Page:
First I want to look at the possible reason as to why this change in childhood took place. My first sociological explanation is that more mothers are going to work, which is leaving less time for the child to be in the home or with the parents. When both parents are working, the child is left unattended. To cure this problem more and more parents are desperately searching for free child care. The answer to these parents has become sports, lessons, and clubs. This is a way where the parents are seen as good parents who want their child involved, not as parents who do not have time for their children.
A second possible reason for this shift in childhood expectations is violence. Almost every night while watching the news, or morning while reading the paper, we learn of kidnappings, gangs, molestations, and so on. When a parent listens to the media, a fear is instilled. Children are less likely to be able to play outside at free will, or ride their bikes to the parks. In this instance parents find planned activities where children are playing, but still safe. My third solution and one I feel the writer of my article would agree with is, parents are too busy.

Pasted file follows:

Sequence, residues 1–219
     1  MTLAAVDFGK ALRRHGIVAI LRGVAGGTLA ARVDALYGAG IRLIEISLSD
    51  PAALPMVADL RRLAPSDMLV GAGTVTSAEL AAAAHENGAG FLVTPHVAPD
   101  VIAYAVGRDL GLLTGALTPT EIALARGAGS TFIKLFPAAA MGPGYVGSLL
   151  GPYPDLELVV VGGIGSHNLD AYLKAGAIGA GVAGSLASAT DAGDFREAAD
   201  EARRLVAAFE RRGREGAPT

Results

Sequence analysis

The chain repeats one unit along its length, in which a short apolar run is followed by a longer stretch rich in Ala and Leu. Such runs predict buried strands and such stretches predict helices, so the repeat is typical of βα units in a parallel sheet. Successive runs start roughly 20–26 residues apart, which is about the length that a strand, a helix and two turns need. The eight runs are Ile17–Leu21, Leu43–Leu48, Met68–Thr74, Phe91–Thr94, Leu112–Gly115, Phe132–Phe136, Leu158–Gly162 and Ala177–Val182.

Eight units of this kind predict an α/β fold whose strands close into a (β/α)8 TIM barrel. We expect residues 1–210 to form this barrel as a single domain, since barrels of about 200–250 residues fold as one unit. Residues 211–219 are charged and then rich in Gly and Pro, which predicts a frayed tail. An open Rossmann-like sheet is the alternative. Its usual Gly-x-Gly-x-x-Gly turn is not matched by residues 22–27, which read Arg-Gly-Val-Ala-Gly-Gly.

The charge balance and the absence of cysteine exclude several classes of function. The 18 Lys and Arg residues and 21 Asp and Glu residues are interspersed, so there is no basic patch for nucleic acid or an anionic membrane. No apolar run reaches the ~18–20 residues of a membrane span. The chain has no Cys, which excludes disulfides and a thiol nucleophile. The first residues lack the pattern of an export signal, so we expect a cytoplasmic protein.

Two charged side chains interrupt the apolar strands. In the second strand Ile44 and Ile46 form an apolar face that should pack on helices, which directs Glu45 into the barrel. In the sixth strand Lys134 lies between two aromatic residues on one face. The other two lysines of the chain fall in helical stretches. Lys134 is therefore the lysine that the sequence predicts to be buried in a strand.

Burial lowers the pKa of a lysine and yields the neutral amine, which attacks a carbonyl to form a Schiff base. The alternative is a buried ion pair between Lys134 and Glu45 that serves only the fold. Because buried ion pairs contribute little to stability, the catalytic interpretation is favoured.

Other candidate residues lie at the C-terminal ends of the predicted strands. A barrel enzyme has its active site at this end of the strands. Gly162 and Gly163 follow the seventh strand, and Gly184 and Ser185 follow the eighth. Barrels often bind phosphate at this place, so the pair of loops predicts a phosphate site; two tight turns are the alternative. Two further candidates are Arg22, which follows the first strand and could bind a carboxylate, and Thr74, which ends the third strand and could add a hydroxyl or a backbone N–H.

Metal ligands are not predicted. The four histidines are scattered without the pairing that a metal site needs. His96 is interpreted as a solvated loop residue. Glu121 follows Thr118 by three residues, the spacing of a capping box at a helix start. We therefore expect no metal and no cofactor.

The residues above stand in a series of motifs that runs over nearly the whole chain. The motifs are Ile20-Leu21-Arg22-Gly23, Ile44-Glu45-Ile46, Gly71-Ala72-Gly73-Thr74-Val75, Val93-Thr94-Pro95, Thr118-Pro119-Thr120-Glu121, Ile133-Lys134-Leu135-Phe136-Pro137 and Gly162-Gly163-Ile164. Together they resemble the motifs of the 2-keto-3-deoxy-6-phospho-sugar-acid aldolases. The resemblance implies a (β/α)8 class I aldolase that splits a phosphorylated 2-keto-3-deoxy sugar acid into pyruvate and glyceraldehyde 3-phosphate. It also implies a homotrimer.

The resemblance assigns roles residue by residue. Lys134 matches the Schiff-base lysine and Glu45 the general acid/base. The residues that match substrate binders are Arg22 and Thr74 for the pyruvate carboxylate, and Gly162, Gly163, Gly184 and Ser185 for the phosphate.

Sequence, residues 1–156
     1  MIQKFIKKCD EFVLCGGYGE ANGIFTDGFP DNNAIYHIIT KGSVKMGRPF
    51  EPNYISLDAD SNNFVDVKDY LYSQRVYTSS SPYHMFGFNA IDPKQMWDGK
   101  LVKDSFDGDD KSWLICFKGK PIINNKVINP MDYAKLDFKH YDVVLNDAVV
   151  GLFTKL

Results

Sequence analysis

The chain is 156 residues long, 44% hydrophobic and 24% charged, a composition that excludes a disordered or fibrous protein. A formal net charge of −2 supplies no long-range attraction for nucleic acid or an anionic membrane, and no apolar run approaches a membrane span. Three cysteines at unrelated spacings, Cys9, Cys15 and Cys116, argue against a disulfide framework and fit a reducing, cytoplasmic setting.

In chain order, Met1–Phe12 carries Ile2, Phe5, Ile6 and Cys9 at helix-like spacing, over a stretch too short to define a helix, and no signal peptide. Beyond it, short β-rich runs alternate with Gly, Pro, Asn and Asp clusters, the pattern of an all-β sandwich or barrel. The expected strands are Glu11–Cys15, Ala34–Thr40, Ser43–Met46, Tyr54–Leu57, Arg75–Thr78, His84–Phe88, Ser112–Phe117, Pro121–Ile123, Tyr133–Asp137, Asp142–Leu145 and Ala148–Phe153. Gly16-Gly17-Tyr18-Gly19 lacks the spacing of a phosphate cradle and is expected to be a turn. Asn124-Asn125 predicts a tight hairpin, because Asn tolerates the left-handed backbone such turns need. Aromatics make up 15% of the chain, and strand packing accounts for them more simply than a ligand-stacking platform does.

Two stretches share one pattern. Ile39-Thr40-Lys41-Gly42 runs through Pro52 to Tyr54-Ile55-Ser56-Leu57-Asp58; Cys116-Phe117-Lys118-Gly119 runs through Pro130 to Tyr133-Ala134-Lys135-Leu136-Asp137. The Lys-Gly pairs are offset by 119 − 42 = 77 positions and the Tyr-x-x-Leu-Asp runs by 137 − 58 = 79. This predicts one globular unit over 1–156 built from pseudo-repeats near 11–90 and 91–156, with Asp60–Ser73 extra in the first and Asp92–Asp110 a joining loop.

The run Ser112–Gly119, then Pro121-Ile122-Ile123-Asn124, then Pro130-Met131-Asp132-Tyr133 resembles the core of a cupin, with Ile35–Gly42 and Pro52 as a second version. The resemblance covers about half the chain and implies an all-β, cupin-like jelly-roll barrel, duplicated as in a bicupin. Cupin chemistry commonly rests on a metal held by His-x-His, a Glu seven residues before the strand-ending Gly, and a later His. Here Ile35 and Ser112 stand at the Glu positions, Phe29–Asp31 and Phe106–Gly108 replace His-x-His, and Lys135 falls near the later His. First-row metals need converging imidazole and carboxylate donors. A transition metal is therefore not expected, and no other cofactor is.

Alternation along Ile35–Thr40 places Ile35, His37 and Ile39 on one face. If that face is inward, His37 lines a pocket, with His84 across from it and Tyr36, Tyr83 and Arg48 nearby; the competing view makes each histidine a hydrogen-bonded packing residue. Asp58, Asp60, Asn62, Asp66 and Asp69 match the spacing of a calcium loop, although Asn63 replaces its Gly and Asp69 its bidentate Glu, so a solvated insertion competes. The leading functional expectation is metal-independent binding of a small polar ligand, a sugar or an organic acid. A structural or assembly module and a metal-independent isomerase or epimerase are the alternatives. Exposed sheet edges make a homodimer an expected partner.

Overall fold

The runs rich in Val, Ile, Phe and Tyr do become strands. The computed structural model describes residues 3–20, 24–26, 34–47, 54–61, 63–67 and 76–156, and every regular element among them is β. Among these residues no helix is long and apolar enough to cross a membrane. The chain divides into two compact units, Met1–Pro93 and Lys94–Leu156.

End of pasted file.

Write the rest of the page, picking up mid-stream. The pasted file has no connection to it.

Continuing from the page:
Parents today look for any out they can find to relieve them from their parenting duties. More and more parents are too consumed with themselves, and would rather their children be raised by strangers than have to deal with them. This is where the depression starts. First it could come from a child who is so exhausted by constant practices, games, and lessons. Sports and activities they once loved now become a chore to them. They continue on however, because they dont want to disappoint their parents who are putting constant pressure on them to be better, and try harder.
The fun gets replaced with stress. The depression also comes from never having a parent around who seems interested in your life or feelings. Parents who are constantly dumping their children with nannies, or leave their children to be raised by older siblings, are displaying to their child that they do not have time for that particular childs feelings. Children feel that their parent is too busy with their own life and the problems of a child, fails in comparison. More and more parents care more about the image of their family, than the reality of that family.